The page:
Document Type

Honors Project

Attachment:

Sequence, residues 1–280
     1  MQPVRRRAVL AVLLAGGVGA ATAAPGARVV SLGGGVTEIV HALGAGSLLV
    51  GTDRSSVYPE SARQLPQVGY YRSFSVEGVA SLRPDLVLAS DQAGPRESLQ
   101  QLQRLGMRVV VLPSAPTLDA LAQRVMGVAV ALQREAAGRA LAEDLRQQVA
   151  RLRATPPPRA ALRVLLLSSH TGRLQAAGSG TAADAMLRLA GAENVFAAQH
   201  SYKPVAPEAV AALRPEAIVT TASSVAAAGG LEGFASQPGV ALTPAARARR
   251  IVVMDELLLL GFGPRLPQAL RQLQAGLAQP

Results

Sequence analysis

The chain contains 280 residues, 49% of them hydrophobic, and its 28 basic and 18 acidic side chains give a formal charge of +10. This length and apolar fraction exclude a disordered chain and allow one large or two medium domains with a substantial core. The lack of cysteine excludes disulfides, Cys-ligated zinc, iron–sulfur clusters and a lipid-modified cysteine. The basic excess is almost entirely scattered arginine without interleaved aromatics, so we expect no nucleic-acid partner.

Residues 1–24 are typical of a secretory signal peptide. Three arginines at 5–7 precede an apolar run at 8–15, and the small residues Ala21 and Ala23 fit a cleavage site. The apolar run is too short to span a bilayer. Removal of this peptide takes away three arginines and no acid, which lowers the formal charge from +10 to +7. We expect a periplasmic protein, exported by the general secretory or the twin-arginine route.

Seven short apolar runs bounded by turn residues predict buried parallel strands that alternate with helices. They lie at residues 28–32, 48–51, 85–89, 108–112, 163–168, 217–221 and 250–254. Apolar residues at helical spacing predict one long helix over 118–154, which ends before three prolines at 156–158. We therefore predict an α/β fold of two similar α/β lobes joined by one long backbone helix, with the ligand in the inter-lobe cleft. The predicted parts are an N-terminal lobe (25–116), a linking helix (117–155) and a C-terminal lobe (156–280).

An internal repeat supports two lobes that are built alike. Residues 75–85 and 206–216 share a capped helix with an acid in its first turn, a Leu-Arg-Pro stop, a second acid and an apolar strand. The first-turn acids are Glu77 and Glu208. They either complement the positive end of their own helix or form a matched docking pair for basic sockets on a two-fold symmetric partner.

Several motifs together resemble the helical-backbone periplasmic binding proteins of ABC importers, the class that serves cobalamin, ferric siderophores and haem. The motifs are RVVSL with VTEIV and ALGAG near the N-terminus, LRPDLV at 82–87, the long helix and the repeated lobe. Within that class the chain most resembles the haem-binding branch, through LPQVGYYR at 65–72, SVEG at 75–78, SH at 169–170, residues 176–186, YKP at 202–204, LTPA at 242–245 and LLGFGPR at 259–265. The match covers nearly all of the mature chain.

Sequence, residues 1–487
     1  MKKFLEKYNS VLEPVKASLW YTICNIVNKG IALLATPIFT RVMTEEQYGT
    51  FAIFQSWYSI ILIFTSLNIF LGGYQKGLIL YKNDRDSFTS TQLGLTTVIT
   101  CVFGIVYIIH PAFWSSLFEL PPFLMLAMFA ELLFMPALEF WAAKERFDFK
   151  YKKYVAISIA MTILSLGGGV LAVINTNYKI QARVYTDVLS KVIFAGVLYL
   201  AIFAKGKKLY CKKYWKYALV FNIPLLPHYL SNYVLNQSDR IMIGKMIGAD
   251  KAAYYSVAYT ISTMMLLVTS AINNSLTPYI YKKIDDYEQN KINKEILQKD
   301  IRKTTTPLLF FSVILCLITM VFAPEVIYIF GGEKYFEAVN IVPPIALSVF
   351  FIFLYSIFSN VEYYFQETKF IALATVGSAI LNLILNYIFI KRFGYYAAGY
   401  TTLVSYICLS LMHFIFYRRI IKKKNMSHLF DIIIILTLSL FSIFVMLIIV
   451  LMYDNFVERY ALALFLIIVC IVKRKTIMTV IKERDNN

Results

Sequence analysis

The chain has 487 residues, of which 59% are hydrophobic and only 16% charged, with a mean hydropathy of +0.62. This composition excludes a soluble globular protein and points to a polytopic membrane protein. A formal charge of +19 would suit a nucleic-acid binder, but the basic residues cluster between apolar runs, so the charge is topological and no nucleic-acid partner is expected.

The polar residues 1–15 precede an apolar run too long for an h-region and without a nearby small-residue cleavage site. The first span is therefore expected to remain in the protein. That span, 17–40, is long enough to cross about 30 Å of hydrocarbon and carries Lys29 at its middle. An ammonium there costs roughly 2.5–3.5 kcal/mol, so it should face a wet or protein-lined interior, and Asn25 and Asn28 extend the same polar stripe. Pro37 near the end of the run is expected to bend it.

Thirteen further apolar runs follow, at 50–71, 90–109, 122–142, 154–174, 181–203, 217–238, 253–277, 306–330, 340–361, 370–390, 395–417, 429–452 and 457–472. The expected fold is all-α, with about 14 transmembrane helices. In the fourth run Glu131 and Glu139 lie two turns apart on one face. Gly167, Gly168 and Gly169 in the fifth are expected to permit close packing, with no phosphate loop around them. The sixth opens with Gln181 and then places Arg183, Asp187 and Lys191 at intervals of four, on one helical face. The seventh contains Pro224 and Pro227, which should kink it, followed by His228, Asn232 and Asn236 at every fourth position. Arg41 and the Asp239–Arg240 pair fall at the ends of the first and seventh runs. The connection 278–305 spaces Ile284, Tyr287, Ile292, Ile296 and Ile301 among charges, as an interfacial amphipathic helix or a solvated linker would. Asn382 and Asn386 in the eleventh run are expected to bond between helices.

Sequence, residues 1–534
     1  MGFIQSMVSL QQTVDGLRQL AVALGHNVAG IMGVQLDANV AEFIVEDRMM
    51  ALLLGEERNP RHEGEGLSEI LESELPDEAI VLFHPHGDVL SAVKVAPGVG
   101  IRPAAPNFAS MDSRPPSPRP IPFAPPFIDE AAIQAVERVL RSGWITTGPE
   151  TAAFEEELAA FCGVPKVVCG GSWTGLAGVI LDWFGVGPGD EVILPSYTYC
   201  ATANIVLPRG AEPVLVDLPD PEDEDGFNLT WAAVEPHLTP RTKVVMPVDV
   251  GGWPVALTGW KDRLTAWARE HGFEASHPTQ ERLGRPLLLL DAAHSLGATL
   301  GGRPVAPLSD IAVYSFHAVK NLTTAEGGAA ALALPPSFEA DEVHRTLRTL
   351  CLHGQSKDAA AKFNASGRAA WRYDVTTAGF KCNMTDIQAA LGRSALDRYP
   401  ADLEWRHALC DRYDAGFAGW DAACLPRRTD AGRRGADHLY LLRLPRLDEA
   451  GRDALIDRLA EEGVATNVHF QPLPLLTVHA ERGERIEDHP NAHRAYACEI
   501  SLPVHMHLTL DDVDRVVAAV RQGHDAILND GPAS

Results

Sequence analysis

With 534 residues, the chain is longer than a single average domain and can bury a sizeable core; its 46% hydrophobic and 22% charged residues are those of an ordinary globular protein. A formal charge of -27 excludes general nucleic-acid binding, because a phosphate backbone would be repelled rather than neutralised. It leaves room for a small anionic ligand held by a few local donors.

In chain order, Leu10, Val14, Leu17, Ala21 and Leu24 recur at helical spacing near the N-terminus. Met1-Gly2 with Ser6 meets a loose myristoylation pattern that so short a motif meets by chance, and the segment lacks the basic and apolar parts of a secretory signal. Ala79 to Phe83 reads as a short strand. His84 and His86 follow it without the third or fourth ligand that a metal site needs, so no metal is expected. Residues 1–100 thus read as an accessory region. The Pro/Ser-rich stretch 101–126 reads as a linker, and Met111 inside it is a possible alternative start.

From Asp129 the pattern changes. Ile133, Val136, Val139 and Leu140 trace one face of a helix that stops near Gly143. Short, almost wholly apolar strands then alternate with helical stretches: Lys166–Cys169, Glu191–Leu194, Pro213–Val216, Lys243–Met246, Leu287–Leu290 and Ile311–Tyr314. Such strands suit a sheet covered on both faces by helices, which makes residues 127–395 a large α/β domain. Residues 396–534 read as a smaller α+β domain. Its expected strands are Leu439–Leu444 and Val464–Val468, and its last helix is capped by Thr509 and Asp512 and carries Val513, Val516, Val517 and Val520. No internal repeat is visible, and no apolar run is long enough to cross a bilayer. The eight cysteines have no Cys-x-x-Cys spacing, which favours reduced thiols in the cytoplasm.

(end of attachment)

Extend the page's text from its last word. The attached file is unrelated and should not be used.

This thesis reexamines the Aqedah narrative from Genesis 22:1–19, focusing on the conveyance of emotions and the portrayal of characters in a story that lacks explicit descriptions of thoughts and feelings. Approaching the text through a literary and narratological lens, I propose that through phraseological techniques like diction and parataxis and compositional strategies such as allusion and juxtaposition, the text captures the psychological depth of biblical characters, thereby enhancing its emotional impact on the audience. I dissect the narrative into eight scenes and within each scene, I conduct close readings to identify and analyze subtle lexical choices and rhetorical devices. Bridging various methodological approaches of biblical criticism, this study highlights the narrator’s inventiveness in producing emotional intensity and character complexity within the constraints of biblical narrative traditions.



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